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The Gradual Improvement in Olympic Hockey...

The Olympics have gradually changed from a purely amateur tournament at its outset to a partially-professional tournament in the 1980s and early 1990s and finally, its present format as the top hockey tournament in the world. This table shows the number of players in each Olympic games who ultimately played in the NHL and the number who played in more than 20 games that same season or in the next season:

Year NHL Plyrs Yr0/Yr+1>20
1956 1 0
1960 6 0
1964 8 1
1968 17 1
1972 15 3
1976 14 3
1980 49 14
1984 58 27
1988 78 26
1992 92 43
1994 89 21
1998 136 104
2002 165 118
2006 161 132

Obviously, many of the European - particularly Eastern Bloc - players took many years to come to the NHL. I have to admit that I don't understand the rules and conventions regarding professionals and how they changed in various years prior to 1998. The Russians and Czechs obviously fielded full professional teams, while the Swedes and Finns played younger pros. Canada would sometimes send a team of university players - or, as it did in 1988, it would send a team of almost entirely experienced professionals. I know it's a sacrilege to bring this up, but even the 1980 US Olympic team had several professional players on it, and they had to re-acquire their amateur status in order to play in the games.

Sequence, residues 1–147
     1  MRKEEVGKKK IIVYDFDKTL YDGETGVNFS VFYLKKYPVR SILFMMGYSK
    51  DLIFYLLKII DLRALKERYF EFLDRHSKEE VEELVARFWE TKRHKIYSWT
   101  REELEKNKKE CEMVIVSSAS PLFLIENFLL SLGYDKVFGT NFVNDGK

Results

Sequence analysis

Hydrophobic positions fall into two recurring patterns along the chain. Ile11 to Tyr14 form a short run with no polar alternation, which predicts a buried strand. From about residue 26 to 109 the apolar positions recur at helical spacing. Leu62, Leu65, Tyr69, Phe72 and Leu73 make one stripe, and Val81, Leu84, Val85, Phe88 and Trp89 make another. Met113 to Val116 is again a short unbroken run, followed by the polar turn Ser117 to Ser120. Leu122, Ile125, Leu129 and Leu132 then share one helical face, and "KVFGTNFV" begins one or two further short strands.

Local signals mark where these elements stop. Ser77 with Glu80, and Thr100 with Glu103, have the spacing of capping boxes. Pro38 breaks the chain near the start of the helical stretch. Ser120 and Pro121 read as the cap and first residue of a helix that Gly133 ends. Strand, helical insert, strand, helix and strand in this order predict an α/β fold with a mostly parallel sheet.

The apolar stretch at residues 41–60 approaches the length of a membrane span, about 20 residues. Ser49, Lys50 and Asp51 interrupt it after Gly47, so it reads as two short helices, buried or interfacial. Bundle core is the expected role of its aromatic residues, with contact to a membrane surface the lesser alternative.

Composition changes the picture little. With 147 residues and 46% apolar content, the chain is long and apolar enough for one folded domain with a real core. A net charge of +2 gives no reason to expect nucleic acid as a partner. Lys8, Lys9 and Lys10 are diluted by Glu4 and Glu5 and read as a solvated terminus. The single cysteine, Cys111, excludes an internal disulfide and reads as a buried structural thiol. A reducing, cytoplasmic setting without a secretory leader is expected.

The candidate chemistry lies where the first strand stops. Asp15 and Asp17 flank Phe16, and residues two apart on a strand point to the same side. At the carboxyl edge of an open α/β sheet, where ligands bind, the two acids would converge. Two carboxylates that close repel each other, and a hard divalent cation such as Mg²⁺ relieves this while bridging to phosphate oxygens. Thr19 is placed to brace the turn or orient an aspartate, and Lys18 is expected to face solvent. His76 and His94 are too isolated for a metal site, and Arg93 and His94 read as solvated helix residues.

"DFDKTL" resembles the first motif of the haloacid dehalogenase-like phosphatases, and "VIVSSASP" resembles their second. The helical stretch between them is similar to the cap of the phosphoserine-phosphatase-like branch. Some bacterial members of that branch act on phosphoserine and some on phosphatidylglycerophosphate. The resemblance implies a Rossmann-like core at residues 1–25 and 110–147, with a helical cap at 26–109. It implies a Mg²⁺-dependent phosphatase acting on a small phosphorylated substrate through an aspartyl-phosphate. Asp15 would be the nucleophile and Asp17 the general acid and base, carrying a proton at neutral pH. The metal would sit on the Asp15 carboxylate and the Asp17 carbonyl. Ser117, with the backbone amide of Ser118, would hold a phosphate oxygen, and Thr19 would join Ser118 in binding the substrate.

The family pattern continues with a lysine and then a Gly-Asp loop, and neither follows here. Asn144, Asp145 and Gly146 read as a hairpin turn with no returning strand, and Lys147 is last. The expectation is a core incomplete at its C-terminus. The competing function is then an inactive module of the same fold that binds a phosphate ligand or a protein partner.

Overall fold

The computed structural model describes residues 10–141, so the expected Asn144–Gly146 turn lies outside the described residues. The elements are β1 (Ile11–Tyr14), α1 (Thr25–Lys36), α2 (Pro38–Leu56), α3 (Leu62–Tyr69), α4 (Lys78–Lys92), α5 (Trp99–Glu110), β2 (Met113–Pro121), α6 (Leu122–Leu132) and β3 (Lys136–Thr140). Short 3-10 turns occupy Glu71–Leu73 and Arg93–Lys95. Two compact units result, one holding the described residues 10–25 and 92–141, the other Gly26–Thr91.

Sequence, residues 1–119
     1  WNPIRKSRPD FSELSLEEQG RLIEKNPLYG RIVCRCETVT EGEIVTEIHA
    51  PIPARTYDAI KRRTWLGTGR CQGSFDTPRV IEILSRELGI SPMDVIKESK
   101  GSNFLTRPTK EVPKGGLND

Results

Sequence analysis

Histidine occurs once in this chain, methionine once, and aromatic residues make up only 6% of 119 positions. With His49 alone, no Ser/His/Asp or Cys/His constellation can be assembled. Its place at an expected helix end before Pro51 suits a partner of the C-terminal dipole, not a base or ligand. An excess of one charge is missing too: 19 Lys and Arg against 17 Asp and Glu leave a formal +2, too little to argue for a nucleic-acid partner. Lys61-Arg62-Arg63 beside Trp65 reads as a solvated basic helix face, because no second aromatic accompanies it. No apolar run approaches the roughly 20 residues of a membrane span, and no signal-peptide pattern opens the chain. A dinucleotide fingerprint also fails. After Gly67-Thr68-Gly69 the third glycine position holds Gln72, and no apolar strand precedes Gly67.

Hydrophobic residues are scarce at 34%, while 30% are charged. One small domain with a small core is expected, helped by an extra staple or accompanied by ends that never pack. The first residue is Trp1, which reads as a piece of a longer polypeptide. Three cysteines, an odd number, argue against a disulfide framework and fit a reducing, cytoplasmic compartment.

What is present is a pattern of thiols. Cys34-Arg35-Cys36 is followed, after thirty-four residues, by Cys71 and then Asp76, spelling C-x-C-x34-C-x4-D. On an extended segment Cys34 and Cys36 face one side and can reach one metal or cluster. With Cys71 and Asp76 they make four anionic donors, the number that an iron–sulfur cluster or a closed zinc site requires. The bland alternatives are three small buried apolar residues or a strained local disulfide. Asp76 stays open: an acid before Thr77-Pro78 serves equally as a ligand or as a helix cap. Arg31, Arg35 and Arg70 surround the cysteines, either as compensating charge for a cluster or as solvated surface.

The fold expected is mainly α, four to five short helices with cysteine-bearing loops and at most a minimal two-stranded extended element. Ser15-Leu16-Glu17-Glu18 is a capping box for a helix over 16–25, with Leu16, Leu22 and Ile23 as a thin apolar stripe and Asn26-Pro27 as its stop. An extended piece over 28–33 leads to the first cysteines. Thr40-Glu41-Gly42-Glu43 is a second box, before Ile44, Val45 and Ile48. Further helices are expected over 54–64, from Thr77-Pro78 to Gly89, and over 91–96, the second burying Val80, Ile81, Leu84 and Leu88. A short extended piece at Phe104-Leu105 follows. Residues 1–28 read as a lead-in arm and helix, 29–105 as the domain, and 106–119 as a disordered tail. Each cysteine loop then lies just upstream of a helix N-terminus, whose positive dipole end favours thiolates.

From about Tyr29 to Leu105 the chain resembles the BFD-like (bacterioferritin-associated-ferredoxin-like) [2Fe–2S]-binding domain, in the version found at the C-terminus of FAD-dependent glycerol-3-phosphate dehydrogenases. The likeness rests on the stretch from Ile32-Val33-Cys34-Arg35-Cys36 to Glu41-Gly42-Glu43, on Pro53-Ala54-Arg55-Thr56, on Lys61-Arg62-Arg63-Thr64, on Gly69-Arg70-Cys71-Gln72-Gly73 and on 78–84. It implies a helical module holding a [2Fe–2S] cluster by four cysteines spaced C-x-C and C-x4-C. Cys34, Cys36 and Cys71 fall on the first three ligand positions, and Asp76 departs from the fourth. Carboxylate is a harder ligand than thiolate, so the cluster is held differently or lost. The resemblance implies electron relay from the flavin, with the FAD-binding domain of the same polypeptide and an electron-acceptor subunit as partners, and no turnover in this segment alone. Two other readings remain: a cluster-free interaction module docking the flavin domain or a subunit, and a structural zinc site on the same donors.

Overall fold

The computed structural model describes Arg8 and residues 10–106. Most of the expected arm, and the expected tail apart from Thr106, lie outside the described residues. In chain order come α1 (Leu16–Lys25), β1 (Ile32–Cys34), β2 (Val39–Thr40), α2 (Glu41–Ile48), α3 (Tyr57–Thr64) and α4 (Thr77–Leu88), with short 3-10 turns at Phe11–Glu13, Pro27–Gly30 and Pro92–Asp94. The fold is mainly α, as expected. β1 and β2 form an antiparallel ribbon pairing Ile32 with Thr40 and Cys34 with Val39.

At any rate, what I wanted to know is how the level of play has changed in the Olympics over the years. We can answer this using league equivalencies. That is, we look at players who played in the Olympics and then played in the NHL during the same season or in future seasons and determine how their scoring changed on a points-per-game basis. Only in the last eight Olympics were there enough players who made the jump:

Year Eq Yr0 Eq Yr+1 Eq Yr+2
1980 0.80 0.94
1984 0.95 1.05
1988 0.80 0.73
1992 1.07 1.01
1994 0.75 1.06
1998 1.43 1.56
2002 1.21 1.24
2006 1.64 1.50

An equivalency of 1.00 means the level of competition was just as tough as the NHL; anything above 1.00 means the tournament was more difficult than the NHL. Obviously having all of the world's best players play in the last three Olympics has substantially raised the level of play. In the five Olympics before that, the level of play averaged 90% of that of the NHL, with 1992 likely the strongest and 1988 the weakest. So even though the Russians sent seasoned pros to each of these tournaments, the overall level of play did not consistently exceed the level of play in the NHL.